Now for another spot of time travel – back to the year 1989. Thousands of East Germans were heading for the west – initially through gaps in what was known as the “Iron Curtain”, later via the official border caring for the refugees, providing food and accommodation, and making sure basic sanitation and medical care were available.
Thousands also attempted to reach the Federal Republic via West Germany’s embassy in Prague, housed in the Palais Lobkowitz. They climbed over the embassy’s high fence and waited for days, and sometimes weeks, always hoping to be able to leave for West Germany.
By the 30th of September 1989, the number of people gathered in the grounds had reached five thousand. At that point, the West German foreign minister, Hans-Dietrich Genscher, arrived and made an announcement from the balcony of the embassy:
„Wir sind zu Ihnen gekommen, um Ihnen mitzuteilen, dass heute ihre Ausreise...“
(“We have come to you to let you know that your departure has today...“ )
Of course, he told them they’d be able to leave. The rest of his sentence was drowned out by the cheering.
“They were euphoric, relieved and delighted with their new freedom, it was unprecedented” ...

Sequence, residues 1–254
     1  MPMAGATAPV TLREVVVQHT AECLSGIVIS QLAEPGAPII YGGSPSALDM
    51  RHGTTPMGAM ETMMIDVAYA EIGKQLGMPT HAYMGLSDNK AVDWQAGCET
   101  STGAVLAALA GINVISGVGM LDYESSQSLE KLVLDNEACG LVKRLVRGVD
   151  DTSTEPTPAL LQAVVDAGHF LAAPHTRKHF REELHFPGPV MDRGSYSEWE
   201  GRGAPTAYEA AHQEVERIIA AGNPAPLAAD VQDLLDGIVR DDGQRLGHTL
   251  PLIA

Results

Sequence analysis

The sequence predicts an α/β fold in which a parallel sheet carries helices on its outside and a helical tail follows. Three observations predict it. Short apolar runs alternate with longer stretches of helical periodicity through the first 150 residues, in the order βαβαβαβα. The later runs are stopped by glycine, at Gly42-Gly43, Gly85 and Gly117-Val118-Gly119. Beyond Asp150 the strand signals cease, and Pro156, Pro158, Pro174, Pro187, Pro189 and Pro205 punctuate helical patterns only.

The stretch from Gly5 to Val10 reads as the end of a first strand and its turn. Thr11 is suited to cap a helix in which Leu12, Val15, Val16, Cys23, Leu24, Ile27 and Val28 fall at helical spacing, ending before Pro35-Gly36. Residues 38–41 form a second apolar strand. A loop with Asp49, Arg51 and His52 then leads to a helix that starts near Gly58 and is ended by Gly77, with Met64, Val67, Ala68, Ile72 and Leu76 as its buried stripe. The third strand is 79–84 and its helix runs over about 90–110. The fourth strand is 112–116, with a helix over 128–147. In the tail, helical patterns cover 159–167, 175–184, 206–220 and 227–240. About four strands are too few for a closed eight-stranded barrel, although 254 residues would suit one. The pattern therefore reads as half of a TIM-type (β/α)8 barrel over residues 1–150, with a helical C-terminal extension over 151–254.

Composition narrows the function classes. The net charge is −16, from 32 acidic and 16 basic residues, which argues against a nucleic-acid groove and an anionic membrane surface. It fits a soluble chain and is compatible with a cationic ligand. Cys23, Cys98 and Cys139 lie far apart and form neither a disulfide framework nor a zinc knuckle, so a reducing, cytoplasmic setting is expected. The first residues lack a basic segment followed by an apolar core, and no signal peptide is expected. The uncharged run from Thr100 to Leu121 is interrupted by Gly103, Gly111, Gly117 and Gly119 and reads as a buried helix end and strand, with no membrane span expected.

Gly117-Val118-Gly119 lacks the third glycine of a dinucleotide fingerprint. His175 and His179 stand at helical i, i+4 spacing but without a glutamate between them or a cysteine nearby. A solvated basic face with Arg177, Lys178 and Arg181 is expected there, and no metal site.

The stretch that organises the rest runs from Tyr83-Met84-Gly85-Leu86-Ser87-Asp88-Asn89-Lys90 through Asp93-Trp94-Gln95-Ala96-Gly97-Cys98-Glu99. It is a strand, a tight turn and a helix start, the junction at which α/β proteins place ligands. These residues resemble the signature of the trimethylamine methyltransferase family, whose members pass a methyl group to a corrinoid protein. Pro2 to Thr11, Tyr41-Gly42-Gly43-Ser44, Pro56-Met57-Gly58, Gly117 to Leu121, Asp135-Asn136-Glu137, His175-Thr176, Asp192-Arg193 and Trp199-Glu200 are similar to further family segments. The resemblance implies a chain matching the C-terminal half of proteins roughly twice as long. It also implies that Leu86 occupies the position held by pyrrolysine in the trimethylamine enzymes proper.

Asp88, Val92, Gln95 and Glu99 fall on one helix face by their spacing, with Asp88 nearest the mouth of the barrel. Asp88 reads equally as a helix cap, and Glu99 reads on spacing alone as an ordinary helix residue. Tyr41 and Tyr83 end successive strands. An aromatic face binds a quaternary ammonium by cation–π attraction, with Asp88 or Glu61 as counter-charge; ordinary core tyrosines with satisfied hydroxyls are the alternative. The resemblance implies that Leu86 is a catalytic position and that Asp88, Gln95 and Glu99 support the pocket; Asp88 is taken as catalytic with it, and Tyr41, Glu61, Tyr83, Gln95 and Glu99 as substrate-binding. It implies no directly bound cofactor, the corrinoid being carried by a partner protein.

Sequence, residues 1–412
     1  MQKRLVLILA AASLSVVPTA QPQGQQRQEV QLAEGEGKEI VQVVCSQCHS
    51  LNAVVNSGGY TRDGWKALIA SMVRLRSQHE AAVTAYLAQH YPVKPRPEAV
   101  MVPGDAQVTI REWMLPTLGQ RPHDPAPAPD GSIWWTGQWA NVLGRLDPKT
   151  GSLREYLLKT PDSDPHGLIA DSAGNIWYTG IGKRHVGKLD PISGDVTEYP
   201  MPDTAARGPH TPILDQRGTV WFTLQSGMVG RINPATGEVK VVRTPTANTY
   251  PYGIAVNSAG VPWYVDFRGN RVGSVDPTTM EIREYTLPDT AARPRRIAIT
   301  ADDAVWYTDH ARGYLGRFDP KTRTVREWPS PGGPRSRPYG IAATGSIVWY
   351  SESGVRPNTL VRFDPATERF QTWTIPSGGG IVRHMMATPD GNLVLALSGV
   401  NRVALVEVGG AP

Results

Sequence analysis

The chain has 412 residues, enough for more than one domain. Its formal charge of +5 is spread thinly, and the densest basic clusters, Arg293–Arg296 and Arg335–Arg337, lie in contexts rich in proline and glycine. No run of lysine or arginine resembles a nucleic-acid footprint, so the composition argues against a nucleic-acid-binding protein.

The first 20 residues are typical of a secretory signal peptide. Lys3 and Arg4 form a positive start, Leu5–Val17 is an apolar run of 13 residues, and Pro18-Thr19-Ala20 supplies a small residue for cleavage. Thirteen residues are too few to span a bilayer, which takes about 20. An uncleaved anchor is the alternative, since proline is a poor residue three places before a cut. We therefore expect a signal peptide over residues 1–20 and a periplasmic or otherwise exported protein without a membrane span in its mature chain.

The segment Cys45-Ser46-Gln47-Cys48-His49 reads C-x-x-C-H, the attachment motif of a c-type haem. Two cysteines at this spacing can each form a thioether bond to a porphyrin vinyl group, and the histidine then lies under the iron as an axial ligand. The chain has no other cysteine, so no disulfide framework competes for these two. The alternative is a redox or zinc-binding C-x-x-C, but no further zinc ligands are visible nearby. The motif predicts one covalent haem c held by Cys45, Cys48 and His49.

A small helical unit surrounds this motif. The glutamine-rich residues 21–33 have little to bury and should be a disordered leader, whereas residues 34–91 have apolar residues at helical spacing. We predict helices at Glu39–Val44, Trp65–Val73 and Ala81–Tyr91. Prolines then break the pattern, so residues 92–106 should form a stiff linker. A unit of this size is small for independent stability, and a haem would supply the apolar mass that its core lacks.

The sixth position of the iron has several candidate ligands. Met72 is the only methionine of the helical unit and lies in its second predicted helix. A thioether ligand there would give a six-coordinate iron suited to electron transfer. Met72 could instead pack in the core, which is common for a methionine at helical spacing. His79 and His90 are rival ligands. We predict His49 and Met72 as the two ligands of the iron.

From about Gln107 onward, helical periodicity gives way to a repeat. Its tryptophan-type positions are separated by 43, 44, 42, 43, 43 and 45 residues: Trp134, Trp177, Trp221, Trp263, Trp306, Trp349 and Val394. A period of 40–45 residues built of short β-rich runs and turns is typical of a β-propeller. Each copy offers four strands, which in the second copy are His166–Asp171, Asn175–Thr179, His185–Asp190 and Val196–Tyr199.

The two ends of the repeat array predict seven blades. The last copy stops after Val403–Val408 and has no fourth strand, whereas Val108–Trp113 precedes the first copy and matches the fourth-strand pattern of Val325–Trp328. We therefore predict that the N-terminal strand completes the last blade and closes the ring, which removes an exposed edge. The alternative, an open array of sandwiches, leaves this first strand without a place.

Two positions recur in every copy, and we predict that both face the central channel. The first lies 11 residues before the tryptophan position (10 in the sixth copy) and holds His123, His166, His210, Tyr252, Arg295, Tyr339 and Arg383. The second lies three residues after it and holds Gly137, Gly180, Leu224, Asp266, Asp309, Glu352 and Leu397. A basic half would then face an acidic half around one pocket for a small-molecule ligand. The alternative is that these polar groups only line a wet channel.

… recalled Rudolf Seiters, the long-serving President of the German Red Cross. In those days, he headed the Office of the German Chancellery and led the negotiations with East Germany. He’d travelled to Prague with Genscher.
The first of three special trains left Prague that same night. In the city of Hof, in Upper Franconia, three hundred Red Cross workers awaited the refugees. They arranged emergency accommodation, while the tracing service registered the new arrivals and helped to reunite families. One of the workers recalled that they’d handed out enough soup to fill an entire swimming pool.
The chapter “Umweg Prague“ – the Prague Diversion – recounts stories surrounding the great flight from East Germany…
... and calls on people to show solidarity with today’s refugees.
Fotos: © Rotkreuz Museum